With them were also the sixteen virtuous men to begin with Bhadrapâla, to wit, Bhadrapâla, Ratnikara, Susârthavâha, Naradatta, Guhagupta, Varunadatta, Indradatta, Uttaramati, Viseshamati, Vardhamânamati, Amoghadarsin, Susamsthita, Suvikrântavikrâmin, Anupamamati, Sûryagarbha, and Dharanidhara; besides eighty thousand Bodhisattvas, among whom the fore-mentioned were the chiefs; further Sakra, the ruler of the celestials, with twenty thousand gods, his followers, such as the god Kandra (the Moon), the god Sûrya (the Sun), the god Samantagandha (the Wind), the god Ratnaprabha, the god Avabhâsaprabha, and others; further, the four great rulers of the cardinal points with thirty thousand gods in their train, viz. the great ruler Virûdhaka, the great ruler Virûpâksha, the great ruler Dhritarâshtra, and the great ruler Vaisravana; the god Îsvara and the god Mahesvara, each followed by thirty thousand gods; further, Brahma Sahdmpati and his twelve thousand followers, the BrahmakAyika gods, amongst whom Brahma Sikhin and Brahma Gyotishprabha, with the other twelve thousand Brahmakdyika gods; together with the eight Nâga kings and many hundred thousand myriads of kotis of Nigas in their train, viz. the Nâga king Nanda, the Nâga king Upananda, Sâgara, Vâsuki, Takshaka, Manasvin, Anavatapta, and Utpalaka; further, the four Kinnara kings with many hundred thousand myriads of kotis of followers, viz. the Kinnara king Druma, the Kinnara king Mahâdharma, the Kinnara king Sudharma, and the Kinnara king Dharmadhara; besides, the four divine beings (called) Gandharvakâyikas with many hundred thousand Gandharvas in their suite, viz. the Gandharva Manogña, the Gandharva Manogñasvara, the Gandharva Madhura, and the Gandharva Madhurasvara; further, the four chiefs of the demons followed by many hundred thousand myriads of kotis of demons, viz. the chief of the demons Bali, Kharaskandha, Vemakitri, and Râhu; along with the four Garuda chiefs followed by many hundred thousand myriads of kotis of Garudas, viz. the Garuda chiefs Mahâtegas, Mahâkâya, Mahâpûrna, and Mahârddhiprâpta, and with Agâtasatru, king of Magadha, the son of Vaidehi.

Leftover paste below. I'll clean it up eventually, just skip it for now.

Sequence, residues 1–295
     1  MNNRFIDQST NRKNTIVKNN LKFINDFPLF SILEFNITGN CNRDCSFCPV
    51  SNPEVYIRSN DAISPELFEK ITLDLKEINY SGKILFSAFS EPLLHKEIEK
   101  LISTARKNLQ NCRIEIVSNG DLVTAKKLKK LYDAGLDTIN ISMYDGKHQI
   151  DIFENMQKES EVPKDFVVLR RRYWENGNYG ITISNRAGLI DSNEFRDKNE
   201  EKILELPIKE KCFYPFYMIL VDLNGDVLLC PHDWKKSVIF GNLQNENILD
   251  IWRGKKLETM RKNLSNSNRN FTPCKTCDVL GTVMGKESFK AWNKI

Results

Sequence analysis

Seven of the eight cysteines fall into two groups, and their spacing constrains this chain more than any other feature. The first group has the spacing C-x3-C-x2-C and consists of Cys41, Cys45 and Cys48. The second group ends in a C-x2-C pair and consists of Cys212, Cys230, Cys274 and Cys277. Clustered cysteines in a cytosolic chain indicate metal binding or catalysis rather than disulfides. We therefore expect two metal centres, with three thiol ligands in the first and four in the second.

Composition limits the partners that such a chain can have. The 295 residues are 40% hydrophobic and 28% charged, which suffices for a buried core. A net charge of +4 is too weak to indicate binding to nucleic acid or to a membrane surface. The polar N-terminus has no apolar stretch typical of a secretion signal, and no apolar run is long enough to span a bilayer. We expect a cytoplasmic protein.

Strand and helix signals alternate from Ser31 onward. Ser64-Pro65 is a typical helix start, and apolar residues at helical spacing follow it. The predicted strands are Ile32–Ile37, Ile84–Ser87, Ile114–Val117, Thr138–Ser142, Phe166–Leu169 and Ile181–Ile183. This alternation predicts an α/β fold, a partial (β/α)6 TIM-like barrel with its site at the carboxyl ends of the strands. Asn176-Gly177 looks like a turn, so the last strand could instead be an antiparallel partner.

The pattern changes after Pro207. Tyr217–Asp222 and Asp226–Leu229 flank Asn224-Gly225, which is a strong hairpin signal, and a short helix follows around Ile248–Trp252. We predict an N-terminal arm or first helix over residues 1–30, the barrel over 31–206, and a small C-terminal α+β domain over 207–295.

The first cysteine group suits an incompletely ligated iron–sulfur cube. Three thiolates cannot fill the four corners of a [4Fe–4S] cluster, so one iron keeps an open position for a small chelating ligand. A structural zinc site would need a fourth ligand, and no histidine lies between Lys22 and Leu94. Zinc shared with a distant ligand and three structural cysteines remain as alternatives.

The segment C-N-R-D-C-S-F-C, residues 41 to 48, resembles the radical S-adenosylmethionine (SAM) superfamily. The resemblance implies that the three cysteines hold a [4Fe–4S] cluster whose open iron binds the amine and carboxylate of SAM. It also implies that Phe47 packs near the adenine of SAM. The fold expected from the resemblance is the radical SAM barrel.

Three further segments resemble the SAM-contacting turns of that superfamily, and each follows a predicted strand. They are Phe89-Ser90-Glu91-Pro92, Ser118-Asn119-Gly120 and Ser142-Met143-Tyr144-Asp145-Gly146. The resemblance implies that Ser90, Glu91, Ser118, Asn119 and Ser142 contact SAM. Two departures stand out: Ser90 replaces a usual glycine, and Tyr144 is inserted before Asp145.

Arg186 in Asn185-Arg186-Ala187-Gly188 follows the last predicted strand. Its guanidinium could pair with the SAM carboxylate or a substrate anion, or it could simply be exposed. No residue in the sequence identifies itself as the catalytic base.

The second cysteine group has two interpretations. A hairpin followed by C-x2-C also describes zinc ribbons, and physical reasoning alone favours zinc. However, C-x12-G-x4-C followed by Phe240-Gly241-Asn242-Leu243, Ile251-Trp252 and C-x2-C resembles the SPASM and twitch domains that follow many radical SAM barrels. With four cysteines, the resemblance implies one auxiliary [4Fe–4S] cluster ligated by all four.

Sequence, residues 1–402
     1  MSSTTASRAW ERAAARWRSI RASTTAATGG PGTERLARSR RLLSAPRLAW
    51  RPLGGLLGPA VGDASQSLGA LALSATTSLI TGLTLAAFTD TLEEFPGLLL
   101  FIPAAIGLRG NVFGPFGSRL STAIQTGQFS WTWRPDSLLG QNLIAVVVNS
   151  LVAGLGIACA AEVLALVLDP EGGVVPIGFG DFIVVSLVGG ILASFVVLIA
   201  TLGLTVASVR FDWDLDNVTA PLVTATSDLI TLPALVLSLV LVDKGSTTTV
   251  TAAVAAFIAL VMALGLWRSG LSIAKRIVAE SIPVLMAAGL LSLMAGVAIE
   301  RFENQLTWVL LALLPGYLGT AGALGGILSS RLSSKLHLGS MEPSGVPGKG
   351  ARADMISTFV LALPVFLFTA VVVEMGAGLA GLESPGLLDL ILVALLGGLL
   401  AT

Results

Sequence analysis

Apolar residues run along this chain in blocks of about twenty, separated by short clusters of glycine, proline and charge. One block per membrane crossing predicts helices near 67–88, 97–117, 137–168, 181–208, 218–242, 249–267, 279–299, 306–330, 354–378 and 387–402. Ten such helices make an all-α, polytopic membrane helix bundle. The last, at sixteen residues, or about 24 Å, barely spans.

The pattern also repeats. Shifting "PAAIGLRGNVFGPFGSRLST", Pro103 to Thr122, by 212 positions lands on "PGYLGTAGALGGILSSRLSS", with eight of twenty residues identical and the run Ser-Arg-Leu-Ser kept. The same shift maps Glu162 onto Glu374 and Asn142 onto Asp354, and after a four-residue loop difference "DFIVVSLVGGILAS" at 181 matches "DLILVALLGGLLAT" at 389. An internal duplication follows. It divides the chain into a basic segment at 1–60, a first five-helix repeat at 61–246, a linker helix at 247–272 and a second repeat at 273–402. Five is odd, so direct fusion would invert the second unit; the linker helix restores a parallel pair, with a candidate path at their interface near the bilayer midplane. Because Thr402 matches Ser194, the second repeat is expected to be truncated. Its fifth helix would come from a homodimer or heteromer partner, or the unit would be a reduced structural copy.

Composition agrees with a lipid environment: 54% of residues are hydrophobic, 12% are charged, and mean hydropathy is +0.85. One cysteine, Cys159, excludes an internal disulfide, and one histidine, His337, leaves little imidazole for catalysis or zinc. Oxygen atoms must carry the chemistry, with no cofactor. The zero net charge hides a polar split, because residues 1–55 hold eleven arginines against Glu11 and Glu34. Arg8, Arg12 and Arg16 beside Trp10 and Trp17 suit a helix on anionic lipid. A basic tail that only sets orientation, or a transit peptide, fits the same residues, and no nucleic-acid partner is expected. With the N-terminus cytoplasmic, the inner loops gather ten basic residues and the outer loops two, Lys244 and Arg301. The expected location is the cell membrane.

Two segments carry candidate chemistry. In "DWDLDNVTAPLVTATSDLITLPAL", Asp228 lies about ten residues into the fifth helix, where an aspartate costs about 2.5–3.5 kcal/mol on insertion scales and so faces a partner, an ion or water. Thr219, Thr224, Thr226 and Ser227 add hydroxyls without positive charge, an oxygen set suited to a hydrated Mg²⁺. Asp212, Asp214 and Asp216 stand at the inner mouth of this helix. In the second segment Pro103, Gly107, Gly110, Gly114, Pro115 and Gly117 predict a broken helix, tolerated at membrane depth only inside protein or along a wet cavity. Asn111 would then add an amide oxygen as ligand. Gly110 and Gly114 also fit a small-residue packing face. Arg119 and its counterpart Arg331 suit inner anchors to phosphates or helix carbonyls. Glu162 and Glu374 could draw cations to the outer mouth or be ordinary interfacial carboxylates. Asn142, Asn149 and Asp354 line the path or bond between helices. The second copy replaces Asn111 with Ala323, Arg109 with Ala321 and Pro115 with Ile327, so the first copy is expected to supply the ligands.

Now at that time it was that the Lord surrounded, attended, honoured, revered, venerated, worshipped by the four classes of hearers, after expounding the Dharmaparyâya called 'the Great Exposition,' a text of great development, serving to instruct Bodhisattvas and proper to all Buddhas, sat cross-legged on the seat of the law and entered upon the meditation termed 'the station of the exposition of Infinity;' his body was motionless and his mind had reached perfect tranquillity. And as soon as the Lord had entered upon his meditation, there fell a great rain of divine flowers, Mandâravasâ and great Mandâravas, Mañgûshakas and great Mañgûshakas, covering the Lord and the four classes of hearers, while the whole Buddha field shook in six ways: it moved, removed, trembled, trembled from one end to the other, tossed, tossed along.